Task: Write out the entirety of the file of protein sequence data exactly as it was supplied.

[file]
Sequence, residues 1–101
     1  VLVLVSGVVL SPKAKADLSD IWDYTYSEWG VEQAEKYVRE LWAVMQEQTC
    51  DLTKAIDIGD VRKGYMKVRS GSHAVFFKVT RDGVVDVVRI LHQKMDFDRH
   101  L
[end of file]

Sequence, residues 1–101
     1  VLVLVSGVVL SPKAKADLSD IWDYTYSEWG VEQAEKYVRE LWAVMQEQTC
    51  DLTKAIDIGD VRKGYMKVRS GSHAVFFKVT RDGVVDVVRI LHQKMDFDRH
   101  L